8 Great Black Science-Fiction Films

Will HBO's 'Who Fears Death' match these all-time faves?

Game of Thrones is quickly coming to an end (well, in a year or two, anyway), which means the network is seeking its next big hit, and HBO just landed a deal for a new George R.R. Martin-produced TV show, reported by Deadline. Who Fears Death is a new drama series in development, based on Nigerian-American writer Nnedi Okorafor’s 2010 award-winning novel of the same name. Amazon tells us more about the story:

In a post-apocalyptic Africa, the world has changed in many ways; yet in one region genocide between tribes still bloodies the land. A woman who has survived the annihilation of her village and a terrible rape by an enemy general wanders into the desert, hoping to die. Instead, she gives birth to an angry baby girl with hair and skin the color of sand. Gripped by the certainty that her daughter is different—special—she names her Onyesonwu, which means “Who fears death?” in an ancient language.

It doesn’t take long for Onye to understand that she is physically and socially marked by the circumstances of her conception. She is Ewu—a child of rape who is expected to live a life of violence, a half-breed rejected by her community. But Onye is not the average Ewu. Even as a child, she manifests the beginnings of a remarkable and unique magic. As she grows, so do her abilities, and during an inadvertent visit to the spirit realm, she learns something terrifying: someone powerful is trying to kill her.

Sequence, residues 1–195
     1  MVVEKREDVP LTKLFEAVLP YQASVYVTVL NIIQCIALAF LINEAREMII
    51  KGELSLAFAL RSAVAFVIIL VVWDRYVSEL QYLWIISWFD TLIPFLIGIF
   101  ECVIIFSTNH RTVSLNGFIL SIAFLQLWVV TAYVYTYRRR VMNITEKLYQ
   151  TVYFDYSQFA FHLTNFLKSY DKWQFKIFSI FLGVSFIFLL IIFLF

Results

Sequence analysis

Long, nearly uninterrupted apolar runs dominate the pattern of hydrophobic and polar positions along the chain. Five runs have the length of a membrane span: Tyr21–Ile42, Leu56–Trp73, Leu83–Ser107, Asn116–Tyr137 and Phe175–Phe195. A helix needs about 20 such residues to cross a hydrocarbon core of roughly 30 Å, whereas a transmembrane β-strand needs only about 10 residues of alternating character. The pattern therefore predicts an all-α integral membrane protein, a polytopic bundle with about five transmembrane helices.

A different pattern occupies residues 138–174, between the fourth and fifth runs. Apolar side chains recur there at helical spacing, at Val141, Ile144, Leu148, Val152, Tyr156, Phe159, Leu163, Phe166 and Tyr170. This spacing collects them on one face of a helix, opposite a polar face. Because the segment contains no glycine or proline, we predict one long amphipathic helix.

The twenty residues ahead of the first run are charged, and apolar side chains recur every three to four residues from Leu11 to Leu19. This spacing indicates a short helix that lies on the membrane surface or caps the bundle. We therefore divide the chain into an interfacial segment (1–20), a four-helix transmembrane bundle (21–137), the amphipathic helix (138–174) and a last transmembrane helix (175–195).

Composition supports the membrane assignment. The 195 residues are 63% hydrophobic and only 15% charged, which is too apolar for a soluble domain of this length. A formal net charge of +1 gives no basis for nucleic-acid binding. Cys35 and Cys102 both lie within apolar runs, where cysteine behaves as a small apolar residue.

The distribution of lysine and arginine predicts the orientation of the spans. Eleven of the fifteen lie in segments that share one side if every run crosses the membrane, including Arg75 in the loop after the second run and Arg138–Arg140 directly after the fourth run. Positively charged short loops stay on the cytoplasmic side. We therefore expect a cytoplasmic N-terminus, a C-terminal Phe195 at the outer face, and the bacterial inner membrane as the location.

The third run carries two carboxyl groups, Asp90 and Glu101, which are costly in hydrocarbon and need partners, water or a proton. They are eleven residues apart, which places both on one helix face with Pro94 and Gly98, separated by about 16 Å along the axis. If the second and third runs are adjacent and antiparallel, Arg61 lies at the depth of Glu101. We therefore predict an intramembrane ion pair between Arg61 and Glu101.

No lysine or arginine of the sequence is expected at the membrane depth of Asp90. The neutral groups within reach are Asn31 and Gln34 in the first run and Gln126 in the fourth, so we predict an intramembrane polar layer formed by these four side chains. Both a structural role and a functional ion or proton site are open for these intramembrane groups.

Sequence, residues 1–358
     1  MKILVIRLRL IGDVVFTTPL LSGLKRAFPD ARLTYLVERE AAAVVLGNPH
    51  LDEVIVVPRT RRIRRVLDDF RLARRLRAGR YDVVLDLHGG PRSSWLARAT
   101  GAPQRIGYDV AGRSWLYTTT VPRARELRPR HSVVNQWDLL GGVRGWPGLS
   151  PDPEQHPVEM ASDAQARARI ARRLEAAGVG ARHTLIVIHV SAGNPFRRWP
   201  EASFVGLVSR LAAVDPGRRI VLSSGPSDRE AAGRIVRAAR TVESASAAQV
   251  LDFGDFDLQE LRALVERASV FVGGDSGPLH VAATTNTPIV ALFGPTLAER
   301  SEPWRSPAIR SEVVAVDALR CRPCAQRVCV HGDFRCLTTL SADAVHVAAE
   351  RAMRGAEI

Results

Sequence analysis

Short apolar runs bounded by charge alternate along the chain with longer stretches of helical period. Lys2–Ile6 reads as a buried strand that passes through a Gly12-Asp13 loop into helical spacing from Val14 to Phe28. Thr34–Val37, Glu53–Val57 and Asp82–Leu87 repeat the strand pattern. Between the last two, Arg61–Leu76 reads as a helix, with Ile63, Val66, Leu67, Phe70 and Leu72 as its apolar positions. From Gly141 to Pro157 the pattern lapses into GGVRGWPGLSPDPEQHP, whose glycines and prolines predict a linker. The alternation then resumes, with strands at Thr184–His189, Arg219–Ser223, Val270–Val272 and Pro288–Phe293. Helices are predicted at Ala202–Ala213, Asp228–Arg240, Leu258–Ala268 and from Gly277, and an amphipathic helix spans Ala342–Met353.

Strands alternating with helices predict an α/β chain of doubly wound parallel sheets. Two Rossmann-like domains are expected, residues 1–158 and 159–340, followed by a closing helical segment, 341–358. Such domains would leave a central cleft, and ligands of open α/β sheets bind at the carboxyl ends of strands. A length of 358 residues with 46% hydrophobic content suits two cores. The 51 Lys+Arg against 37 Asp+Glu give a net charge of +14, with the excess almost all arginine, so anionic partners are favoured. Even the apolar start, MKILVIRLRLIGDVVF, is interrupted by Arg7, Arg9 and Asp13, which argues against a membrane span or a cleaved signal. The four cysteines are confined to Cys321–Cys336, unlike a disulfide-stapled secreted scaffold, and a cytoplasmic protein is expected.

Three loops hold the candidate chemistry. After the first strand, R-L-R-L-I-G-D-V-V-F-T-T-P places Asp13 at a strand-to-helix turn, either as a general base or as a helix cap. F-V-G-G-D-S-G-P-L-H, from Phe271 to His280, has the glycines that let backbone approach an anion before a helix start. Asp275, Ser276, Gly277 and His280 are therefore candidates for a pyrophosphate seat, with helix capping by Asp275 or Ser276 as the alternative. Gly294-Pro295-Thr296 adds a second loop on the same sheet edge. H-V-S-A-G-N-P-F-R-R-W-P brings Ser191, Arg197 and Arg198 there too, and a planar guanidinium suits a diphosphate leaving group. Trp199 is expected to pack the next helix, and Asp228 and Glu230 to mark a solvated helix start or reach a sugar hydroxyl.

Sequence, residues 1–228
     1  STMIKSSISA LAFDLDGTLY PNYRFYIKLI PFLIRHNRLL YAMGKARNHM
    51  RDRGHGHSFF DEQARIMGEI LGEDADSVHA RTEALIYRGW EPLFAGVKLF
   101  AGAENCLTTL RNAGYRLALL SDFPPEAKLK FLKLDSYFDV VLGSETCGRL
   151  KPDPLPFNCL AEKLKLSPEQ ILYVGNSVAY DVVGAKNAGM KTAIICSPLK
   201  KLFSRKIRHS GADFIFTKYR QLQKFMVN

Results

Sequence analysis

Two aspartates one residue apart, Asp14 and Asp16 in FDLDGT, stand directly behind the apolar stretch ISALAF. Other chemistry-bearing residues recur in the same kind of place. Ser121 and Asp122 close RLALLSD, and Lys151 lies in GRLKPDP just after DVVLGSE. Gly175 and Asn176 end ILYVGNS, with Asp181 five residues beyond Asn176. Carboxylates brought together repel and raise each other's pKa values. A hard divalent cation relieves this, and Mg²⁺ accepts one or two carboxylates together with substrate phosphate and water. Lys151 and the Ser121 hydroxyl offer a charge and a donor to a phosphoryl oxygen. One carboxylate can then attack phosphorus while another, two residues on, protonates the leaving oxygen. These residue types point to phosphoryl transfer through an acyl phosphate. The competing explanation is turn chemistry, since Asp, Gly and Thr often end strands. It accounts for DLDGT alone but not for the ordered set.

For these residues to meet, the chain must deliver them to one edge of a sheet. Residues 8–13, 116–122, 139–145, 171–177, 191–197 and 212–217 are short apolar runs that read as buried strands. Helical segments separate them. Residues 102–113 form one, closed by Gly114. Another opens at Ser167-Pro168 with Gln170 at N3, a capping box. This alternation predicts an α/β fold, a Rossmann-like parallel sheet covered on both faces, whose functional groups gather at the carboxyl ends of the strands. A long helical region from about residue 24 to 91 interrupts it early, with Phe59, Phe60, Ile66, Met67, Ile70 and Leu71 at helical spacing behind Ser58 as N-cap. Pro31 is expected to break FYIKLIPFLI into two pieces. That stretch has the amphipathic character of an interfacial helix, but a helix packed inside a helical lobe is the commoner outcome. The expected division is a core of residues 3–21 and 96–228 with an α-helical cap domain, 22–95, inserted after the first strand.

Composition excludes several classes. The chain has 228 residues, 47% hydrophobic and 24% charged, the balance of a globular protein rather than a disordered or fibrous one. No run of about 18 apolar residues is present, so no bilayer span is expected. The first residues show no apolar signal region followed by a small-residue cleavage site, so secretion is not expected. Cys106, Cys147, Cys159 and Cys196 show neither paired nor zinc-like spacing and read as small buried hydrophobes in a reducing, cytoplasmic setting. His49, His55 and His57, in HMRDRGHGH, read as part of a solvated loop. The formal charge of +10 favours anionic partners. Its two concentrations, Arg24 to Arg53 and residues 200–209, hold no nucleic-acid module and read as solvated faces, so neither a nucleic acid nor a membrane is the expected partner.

Desperate to elude her would-be murderer and to understand her own nature, she embarks on a journey in which she grapples with nature, tradition, history, true love, and the spiritual mysteries of her culture, and ultimately learns why she was given the name she bears: Who Fears Death.

The premise is intriguing, and the AV Club notes that “with its Afrocentric focus and predominantly black cast and creative team, there’s also an implication buried here that the network is hoping to deflect some of the criticisms that have plagued HBO since it announced its modern-day slavery drama Confederate, the follow-up series from Thrones showrunners David Benioff and Dan Weiss.”

Black science-fiction stories are nothing new, and have examined race, identity, and social issues with tenderness, humor, and more. We highlight just a few of those noteworthy movies, below.

The Black Film Critics Circle said it all about Joe Cornish’s movie, which is set in South London where an alien invasion takes place: “Attack The Block is a genre film that defies a number of conventions, not only by having a primarily black cast but portraying each character with a dignity seldom seen on screen and even more rarely in a Science-Fiction film.”